Hospitals: More Than Destinations

Hospitals in conventional EMS systems are primarily endpoints of transports. Mutual interests encourage cooperation with prehospital personnel, but in many states such relationships are informal and lack strategic imperative.

In Connecticut hospitals aren’t just destinations for EMS; they’re sponsors. “They oversee all of our clinical levels and are responsible for delivery of care,” says Coler. “They make sure prehospital personnel are trained and follow protocols. They’re an integral part of our system.”

You can’t work in Connecticut EMS without medical sponsorship. Usually, your agency’s sponsor becomes yours and provides all the continuing education you need for renewal. If you’re a paramedic, that’s an annual exercise—one that’s simplified by retaining national certification.

Most sponsors derive content from the National Registry, although an NREMT card isn’t required beyond initial certification—yet. “I’ve just submitted legislation that would make Connecticut a Registry state,” says Coler, who is a paramedic and RN. “It would require providers to maintain NREMT credentials throughout their careers. That bill is going to be considered this year.”

Paramedics are licensed by Connecticut; other levels are recertified every three years at no charge. There are 30-hour and 53-hour refresher courses for EMTs and AEMTs, respectively.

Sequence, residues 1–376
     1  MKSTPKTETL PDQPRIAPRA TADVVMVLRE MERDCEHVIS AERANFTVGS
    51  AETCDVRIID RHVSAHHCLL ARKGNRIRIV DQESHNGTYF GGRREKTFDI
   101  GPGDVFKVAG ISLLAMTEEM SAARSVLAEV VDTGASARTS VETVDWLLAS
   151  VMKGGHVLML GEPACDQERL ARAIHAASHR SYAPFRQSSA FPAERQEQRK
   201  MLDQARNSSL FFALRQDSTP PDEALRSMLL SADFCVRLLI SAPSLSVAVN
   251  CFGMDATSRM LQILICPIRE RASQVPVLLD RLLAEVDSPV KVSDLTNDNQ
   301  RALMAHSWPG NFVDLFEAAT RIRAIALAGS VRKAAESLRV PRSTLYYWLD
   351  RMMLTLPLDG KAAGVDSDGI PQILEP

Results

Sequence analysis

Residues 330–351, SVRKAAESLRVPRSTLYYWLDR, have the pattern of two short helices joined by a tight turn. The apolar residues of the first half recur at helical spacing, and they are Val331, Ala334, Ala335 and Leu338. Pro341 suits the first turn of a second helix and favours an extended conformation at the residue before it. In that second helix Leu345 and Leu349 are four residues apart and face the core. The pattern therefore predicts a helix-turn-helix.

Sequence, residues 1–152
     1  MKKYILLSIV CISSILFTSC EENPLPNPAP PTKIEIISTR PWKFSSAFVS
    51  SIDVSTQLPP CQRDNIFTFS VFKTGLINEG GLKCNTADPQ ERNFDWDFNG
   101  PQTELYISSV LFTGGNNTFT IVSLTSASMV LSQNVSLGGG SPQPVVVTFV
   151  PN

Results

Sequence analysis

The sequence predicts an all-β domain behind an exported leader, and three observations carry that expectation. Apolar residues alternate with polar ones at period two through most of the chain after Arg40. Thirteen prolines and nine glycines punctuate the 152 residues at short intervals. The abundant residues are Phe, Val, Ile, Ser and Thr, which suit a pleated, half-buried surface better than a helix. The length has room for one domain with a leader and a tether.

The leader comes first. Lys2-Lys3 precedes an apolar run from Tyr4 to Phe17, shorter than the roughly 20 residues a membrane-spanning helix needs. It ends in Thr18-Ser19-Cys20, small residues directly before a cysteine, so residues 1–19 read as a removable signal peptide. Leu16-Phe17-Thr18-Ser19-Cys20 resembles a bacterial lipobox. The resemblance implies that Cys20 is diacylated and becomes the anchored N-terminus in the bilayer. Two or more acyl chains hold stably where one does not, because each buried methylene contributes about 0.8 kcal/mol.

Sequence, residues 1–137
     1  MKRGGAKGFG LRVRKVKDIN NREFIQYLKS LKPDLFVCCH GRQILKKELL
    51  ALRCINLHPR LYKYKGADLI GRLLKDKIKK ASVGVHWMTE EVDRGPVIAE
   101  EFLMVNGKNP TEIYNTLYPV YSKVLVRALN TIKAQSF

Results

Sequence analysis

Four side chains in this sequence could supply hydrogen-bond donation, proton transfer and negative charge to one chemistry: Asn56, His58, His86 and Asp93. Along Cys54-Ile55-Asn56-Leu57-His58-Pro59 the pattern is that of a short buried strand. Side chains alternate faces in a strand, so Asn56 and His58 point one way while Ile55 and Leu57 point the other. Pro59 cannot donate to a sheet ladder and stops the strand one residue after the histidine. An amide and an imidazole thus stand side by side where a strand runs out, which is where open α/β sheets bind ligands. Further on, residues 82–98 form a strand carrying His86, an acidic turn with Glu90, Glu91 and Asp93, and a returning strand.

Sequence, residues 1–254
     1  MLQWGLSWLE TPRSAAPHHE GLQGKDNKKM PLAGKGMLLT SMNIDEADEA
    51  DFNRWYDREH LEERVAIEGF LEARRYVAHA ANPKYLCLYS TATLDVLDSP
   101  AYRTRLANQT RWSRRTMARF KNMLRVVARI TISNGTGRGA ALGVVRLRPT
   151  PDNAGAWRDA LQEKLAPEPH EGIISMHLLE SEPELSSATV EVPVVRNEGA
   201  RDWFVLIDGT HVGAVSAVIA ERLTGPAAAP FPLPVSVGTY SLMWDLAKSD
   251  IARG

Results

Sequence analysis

Opportunities for Caregivers

Getting reciprocity is easy if you’re nationally registered or certified in Maine, Massachusetts, New Hampshire, Vermont, Rhode Island, New Jersey, or any state whose criteria are at least as rigorous as Connecticut’s.

If you decide to volunteer, you’ll have lots of company. “Volunteering is a big part of EMS in Connecticut, especially in rural areas with lower call volumes,” Coler says. “Over 80% of our agencies have at least some volunteers.

“Connecticut offers lots of options to EMS providers, regardless of certification or experience. It’s also an awesome state for raising a family. Whether you’re looking for an urban, suburban or rural setting, it’s just a great place to live and work.”

References

1. EMS World. EMS World Salary Survey 2018, http://www.ems-stats.com.

2. FBI. Uniform Crime Reporting System, 2017 National Incident Based Reporting System, https://ucr.fbi.gov/nibrs/2017.

3. Ibid., 2016.

4. America’s Health Rankings, United Health Foundation. 2018 Annual Report, www.americashealthrankings.org/learn/reports/2018-annual-report.

5. Current Results. Average Annual Temperature for Each U.S. State, www.currentresults.com/Weather/US/average-annual-state-temperatures.php.

6. Tax Foundation Facts and figures, https://files.taxfoundation.org/20180411102900/Facts-Figures-2018-How-Does-Your-State-Compare.pdf.

7. Ibid., Property Taxes Paid as a Percentage of Owner-Occupied Housing Value.

8. Zillow. United States Home Prices & Values, www.zillow.com/home-values/.

9. Choose Energy. Electricity Rates by State in 2018, www.chooseenergy.com/electricity-rates-by-state/.

10. Missouri Economic Research and Information Center. Cost of Living Data Series, 2018 Annual Average, https://www.missourieconomy.org/indicators/cost_of_living/.

Mike Rubin is a paramedic in Nashville and a member of EMS World’s editorial advisory board. Contact him at mgr22@prodigy.net.